Benish’s recent work represents an even deeper form of community than Shahn describes: her community includes marriage, motherhood and her children. The Bride in the Enclosed Garden was a theme inspired by the Song of Songs (Psalms) in the Old Testament. The fact that this is the oldest written text in the Western world fascinates her, as does the way that the text has been manipulated over history. Religious leaders have interpreted this text to represent man’s relationship to God; however, according to Benish, it is an erotic and mysterious love song, above all. Her “Bride in the Enclosed Garden” represents contemplation (meditation), i.e. a place for creative process, and the sculpture of the bride is both Male and Female.

In an interview with Jana Ticha from the catalogue for “the Bride,” Benish discusses gender and sex, celebration of the female body, and its power and capacity of bringing new life to the world. She says, “As a female artist, I naturally have always been addressing these issues. At the beginning of my career, the work is much more about sexual energy. Now I am a middle-aged artist, a mother—so the energy is different. The body is changing; it’s [the bride exhibit] about being a lover, but also a mother, a wife....”

 

In this exhibition there were also delicate Mother-Daughter drawings, which originated in collaboration with her oldest daughter. One would start drawing and the other would continue and contribute her own part. More recently, Benish says, “Their [her children’s] creativity has re-inspired and nurtured my own. To watch them draw is like seeing that film of Picasso doing the drawings on glass; total abandonment, spontaneity and pleasure. And art is just a matter of staying open to such things, is it not?”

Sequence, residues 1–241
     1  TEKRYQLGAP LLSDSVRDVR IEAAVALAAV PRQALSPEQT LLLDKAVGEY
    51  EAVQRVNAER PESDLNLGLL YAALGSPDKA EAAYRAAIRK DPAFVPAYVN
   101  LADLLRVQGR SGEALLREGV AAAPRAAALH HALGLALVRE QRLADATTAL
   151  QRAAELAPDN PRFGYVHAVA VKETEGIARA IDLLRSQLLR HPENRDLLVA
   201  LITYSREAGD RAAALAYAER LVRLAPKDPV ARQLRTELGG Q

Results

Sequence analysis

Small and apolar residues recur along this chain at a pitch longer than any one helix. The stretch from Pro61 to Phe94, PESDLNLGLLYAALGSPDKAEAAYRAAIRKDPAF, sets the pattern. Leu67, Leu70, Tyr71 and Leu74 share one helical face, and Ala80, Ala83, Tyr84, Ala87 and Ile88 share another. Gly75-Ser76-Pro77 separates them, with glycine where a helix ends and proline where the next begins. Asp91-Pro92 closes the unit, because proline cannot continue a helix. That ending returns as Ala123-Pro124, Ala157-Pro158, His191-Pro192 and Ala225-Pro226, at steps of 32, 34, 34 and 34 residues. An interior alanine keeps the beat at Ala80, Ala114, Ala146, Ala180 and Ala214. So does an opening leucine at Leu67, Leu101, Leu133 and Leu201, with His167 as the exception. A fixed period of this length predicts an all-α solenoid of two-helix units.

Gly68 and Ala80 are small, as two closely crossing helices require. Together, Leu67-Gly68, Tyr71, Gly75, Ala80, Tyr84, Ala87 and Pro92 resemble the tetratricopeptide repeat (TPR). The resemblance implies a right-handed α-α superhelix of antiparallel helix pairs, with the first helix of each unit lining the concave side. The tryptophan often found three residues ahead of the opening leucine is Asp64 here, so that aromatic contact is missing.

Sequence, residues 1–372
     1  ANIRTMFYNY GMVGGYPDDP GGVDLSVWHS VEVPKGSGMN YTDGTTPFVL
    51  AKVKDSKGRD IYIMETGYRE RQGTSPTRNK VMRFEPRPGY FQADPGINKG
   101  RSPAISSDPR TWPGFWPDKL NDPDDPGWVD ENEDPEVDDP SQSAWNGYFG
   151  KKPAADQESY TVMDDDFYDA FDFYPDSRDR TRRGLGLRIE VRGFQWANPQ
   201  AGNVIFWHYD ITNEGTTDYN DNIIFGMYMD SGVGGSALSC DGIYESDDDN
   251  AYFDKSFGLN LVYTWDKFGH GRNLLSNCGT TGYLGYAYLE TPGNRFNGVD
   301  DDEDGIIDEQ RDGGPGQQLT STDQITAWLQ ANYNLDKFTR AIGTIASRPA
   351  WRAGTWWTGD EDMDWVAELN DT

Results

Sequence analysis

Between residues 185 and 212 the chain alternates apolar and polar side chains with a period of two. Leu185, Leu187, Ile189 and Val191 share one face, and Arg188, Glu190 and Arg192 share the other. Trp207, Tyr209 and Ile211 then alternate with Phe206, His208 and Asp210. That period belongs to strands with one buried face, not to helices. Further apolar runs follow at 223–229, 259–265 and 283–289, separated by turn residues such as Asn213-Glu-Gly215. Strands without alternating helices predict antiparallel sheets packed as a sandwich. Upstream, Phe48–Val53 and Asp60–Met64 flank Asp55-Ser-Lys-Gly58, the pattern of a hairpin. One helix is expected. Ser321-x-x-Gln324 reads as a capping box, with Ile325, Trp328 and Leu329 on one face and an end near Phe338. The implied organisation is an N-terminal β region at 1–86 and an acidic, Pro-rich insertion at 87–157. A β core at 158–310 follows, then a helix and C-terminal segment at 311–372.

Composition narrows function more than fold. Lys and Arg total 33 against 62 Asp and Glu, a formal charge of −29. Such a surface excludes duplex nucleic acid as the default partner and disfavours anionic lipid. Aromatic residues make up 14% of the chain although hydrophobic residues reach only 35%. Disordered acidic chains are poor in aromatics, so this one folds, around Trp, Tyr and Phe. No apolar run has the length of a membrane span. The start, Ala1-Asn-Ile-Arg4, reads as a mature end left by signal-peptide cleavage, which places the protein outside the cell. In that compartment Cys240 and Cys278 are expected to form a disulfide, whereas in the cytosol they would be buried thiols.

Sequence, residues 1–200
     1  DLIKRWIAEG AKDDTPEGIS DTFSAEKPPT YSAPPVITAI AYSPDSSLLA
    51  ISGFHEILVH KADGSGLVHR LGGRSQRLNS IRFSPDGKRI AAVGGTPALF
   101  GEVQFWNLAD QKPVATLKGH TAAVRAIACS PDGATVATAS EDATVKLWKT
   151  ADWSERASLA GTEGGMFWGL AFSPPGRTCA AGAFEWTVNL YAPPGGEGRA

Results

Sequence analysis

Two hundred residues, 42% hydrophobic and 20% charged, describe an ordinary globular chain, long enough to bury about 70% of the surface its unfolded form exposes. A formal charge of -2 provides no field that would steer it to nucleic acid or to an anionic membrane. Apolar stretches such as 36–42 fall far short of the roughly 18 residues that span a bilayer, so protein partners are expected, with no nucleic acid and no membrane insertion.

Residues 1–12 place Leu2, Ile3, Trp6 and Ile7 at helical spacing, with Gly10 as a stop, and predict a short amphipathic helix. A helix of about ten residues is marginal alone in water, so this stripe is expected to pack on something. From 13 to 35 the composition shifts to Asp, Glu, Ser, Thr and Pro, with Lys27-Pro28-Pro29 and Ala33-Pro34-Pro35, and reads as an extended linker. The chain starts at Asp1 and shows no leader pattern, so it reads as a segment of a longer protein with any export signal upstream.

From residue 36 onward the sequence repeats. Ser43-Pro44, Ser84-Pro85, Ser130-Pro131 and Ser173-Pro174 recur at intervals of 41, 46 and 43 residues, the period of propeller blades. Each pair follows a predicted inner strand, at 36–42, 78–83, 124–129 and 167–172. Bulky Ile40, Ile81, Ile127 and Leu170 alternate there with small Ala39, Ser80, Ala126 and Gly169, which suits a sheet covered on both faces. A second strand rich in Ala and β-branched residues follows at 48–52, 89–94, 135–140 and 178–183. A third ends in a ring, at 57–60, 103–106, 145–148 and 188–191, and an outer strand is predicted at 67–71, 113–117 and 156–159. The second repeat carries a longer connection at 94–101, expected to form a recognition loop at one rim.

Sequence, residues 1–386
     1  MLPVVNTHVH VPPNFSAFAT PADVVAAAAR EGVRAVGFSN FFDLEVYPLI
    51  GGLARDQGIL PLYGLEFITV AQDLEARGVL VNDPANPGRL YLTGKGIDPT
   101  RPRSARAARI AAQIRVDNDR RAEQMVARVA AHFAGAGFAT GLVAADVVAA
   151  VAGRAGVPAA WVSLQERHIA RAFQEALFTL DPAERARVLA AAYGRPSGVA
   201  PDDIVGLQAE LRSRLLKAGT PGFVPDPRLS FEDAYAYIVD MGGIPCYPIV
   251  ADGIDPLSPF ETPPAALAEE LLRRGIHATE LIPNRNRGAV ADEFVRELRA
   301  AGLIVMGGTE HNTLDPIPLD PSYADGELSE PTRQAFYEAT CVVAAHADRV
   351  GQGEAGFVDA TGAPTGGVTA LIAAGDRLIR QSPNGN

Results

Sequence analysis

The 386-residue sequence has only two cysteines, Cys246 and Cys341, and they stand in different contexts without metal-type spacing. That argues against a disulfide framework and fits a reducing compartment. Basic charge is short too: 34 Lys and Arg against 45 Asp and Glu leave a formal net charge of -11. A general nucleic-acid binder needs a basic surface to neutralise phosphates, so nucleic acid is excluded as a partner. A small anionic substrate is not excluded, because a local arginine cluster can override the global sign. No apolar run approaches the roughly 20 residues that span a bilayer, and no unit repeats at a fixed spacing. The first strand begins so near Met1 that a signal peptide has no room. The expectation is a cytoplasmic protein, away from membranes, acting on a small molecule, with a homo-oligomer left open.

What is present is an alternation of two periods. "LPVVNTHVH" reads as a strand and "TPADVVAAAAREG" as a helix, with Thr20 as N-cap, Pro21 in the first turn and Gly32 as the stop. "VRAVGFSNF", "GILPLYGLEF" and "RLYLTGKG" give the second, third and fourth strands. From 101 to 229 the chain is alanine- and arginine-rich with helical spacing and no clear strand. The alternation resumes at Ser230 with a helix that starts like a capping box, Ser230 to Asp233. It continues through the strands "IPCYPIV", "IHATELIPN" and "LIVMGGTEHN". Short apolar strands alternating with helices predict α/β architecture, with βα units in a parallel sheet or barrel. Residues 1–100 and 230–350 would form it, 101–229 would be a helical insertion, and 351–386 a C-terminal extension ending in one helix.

Benish’s community is on two continents, at the least. Though she effectively pulled herself out of the competitive American art-scene just as she was getting recognized, she has not disappeared into obscurity. On the contrary, even though she has been a mother of two children for eight years, she has “taught, lectured, and created enough work to exhibit in over 30 exhibitions, including five solo shows.”

Benish’s work is in major museums and private collections around the world, including the prestigious Getty Museum in Los Angeles, which overlooks the coastline of Santa Monica and Malibu, at the edge of the western world.

 

Ironically, she wrote in 1990, “Czechoslovakia and California, each at the edge of the so-called western world, looks east and sees the other. When Walt Whitman looked west from California’s shores, he completed the circle, ending up back in the east, ‘Now I face home again, very pleased and joyous.’” Benish, growing up on the coast also looked west from California’s shores, and ended up in the east. She ended up much further than Whitman, and with a bigger clan; but all the same—she has completed the circle, returned “home again” and she seems very pleased and joyous about this decision.

 

Tony Ozuna, Umelec magazine,

Prague, 2005